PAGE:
Bhutan is one of the most natural settings of the world. Tucked in between the powerhouses of India and China, Bhutan has its own quaint charm. Little known to those outside the radar, Bhutan is the last standing Buddhist Kingdom. It is a mystic land where success is measured by Gross National Happiness instead of Gross National Product. Bhutan truly lives by its rich traditional lifestyle where men and women still wear their national attires called Gho & Kira respectively. Dzongkha is the official language of Bhutan.
Engulfed amidst the numerous Dzongs (fortresses) and Lhakhangs (monastries) and straddling the Majestic Himalayas, this kingdom is rightly known as the Land of the Thunder Dragon. However,a vast swath of Bhutan is still not raided by the travel enthusiasts. While this is primely to ensure the retention of the Kingdom’s cultural heritage and environment, Bhutan has now been welcoming tourists to a significant extent.
A visit to the following supreme locales of the kingdom would certainly fascinate any travel fanatic.
Glancing through the Bhutanese lifestyle with the traditional style buildings and the monastries tourists can also hike up to the Tiger’s Nest also known as Paro Taksang or Taksang Palphug Monastry. It is an iconic Himalayan Buddhist sacred site perched 900 metres above the Paro Valley. The monastery was built in 1692, under the command of Zhabdrung Ngawang Namgyal by Druk Desi Tenzin Rabgyal around the Taktsang Senge Samdup cave,where Guru Padmasambhava is said to have meditated for three years, three months, three weeks, three days and three hours in 8th century.
When in Thimphu, do visit the National Memorial Chorten which was built in 1974 to honor the third King of Bhutan, Jigme Dorji Wangchuck. It is a prominent landmark in the city with its golden spires and bells and popularly known as “the most visible religious landmark in Bhutan. Also fixate your eyes at the Buddha Dordenma,one of the largest sitting Buddhas in the world with a height of 169 feet(52m) . This statue houses over one hundred thousand smaller Buddha statues, each of which, like the Great Buddha Dordenma itself, are made of bronze and gilded in gold. The other important structures include Sentokha Dzong,Tashichho Dzong and the National Library.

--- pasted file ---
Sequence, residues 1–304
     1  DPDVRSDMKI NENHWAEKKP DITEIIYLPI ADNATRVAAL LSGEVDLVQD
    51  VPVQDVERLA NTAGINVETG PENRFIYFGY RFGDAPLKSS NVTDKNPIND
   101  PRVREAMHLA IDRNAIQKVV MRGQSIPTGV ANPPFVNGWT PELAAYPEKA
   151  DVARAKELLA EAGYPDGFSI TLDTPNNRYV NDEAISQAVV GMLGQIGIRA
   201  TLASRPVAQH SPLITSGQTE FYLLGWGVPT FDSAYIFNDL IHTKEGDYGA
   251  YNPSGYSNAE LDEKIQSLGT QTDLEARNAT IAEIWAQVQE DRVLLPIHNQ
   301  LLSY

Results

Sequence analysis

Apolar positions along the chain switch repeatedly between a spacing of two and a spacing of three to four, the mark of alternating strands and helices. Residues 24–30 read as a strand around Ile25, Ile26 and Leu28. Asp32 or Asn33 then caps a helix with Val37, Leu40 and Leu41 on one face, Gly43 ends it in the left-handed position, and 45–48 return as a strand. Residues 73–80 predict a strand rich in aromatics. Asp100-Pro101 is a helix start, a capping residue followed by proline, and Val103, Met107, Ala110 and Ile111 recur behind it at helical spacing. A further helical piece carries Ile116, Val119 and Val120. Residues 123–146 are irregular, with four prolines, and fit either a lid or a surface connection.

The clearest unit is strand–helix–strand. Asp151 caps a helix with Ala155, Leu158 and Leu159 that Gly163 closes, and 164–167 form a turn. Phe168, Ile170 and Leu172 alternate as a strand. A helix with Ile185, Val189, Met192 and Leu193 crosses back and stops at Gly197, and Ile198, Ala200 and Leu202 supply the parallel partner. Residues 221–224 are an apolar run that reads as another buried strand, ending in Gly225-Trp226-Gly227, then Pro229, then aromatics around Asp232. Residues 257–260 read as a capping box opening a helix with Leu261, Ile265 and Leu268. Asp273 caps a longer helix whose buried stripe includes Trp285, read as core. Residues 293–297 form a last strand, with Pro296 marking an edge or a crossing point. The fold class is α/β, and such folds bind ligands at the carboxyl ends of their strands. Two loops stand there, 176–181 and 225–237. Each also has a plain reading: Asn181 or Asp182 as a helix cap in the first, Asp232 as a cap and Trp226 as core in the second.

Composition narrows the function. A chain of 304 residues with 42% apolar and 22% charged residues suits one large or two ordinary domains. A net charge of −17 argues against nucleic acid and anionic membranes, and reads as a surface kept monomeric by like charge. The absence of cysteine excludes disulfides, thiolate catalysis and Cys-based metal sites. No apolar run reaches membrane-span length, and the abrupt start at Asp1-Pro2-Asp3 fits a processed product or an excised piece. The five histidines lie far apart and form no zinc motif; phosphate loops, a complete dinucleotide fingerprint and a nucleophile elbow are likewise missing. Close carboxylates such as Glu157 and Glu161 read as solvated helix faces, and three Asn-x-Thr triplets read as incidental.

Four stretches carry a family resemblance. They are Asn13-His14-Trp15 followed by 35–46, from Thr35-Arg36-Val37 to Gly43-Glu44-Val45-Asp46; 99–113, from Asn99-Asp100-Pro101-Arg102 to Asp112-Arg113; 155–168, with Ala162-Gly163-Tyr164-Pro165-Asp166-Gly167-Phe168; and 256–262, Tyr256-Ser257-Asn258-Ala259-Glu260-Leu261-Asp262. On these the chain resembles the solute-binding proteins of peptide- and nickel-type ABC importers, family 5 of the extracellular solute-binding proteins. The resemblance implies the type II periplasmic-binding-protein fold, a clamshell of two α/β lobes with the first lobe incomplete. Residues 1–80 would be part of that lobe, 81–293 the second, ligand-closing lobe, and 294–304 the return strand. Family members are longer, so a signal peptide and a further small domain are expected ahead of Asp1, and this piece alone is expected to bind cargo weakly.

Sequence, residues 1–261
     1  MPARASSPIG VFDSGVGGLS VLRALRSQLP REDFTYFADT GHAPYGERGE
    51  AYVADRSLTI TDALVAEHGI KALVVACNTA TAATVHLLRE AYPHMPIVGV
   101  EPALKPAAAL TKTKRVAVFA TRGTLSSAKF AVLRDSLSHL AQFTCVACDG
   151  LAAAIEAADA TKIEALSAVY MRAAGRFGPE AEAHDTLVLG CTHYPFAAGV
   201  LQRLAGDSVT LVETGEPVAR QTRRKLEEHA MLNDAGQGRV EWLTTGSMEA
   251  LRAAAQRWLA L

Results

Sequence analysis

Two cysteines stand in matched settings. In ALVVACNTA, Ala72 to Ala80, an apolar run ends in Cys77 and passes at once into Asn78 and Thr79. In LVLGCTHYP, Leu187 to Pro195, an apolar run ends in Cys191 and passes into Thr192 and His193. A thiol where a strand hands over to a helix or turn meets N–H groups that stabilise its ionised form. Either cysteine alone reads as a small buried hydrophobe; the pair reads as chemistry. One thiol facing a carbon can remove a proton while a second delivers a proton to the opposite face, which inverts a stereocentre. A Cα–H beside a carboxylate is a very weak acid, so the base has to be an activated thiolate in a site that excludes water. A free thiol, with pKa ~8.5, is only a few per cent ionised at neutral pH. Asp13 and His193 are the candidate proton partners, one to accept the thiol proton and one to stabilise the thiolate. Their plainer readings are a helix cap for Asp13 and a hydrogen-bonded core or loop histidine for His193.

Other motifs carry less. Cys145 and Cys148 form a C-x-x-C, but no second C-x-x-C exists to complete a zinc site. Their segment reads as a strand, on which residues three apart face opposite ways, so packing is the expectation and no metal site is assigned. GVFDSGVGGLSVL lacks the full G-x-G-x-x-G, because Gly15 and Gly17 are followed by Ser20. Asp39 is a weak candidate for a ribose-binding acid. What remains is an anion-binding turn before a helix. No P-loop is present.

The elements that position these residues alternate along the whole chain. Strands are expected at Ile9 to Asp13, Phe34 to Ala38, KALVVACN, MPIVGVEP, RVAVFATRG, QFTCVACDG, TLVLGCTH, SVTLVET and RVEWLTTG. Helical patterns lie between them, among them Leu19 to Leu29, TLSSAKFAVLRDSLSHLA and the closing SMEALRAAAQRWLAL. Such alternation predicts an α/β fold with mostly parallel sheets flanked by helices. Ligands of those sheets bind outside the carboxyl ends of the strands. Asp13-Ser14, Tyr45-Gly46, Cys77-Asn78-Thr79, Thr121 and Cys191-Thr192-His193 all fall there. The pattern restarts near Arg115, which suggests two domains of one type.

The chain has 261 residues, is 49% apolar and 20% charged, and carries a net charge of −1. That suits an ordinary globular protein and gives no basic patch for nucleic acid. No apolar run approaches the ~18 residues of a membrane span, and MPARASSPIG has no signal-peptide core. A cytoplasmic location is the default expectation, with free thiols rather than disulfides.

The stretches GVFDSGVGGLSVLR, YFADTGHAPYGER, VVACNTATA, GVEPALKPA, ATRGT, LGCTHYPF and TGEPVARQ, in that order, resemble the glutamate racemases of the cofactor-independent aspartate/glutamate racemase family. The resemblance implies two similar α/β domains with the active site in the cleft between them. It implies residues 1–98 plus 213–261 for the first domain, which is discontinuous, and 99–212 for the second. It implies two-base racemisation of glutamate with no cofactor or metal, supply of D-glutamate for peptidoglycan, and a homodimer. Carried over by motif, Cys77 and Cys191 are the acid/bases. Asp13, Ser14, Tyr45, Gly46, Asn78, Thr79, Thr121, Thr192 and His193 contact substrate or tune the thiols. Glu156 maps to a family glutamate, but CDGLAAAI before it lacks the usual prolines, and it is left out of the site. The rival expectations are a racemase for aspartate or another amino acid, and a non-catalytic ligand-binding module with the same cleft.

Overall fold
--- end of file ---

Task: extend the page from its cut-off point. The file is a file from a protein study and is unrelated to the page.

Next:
Dochula Pass: On the way from Thimphu to Punakha, get mesmerized by the beautiful Dochula Pass. It is a high mountain passage in the snow clad Himalayas which features 108 chortens(memorial stupas). It is one of the prime tourist attractions of the country that offers panoramic views of the scenic Himalayan mountain range.
This city features the notable Punakha Dzong which is considered as the most beautiful Dzong of Bhutan.This majestic structure was built upon the junction of the Pho Chhu & the Mo Chhu Rivers. It is also the winter residence of the Bhutan’s Central Monastic body. In 1907, Punakha Dzong was the site of the coronation of Ugyen Wangchuck as the first King of Bhutan. In 1987, the dzong was partially destroyed by fire.
Other places of interest mark the Chimi Lhakhang also known as The Fertility Temple or Madam’s Temple, Khamsum Yueling Monastry and the Sangchhen Dorji Lhuendrup Lhakhang.
The Trashigang Dzong also known as the ‘fortress of auspicious hill’ stands on a picturesque landscape. It has religious as well as administrative importance because in the 17th century, the entire Trashigang was governed from the Dzong itself. The Sakteng Wildlife Santuary is also situated in Trashigang.
Festivals of Bhutan
Another spectacular attraction of Bhutan is its annual religious festival “Tsechu meaning “tenth day” held annually in various temples, monasteries and dzongs throughout the country.
The Tshechu is a religious event celebrated on tenth day of a month of the lunar calendar corresponding to the birthday of Guru Rimpoche (Guru Padmasambhava), who brought Buddhism to Bhutan.. However the exact month of the Tshechu varies from place to place and temple to temple.
Tourists can witness a large number of devotees and common people performing the traditional dance forms and making merry. It is believed that everyone must attend a Tshechu and witness the mask dances at least once to in order to receive blessings and wash away their sins. Every mask dance performed during a Tshechu has a special meaning or a story behind it and many are based on stories and incidents from as long ago as the 8th century, during the life of Guru Padmasambhava. In monasteries, the mask dances are performed by monks and in remote villages, they are performed jointly by monks and village men.
Two of the most popular Tsechus in terms of participation and audience are the Thimpu Tshechu and Paro Tsechu.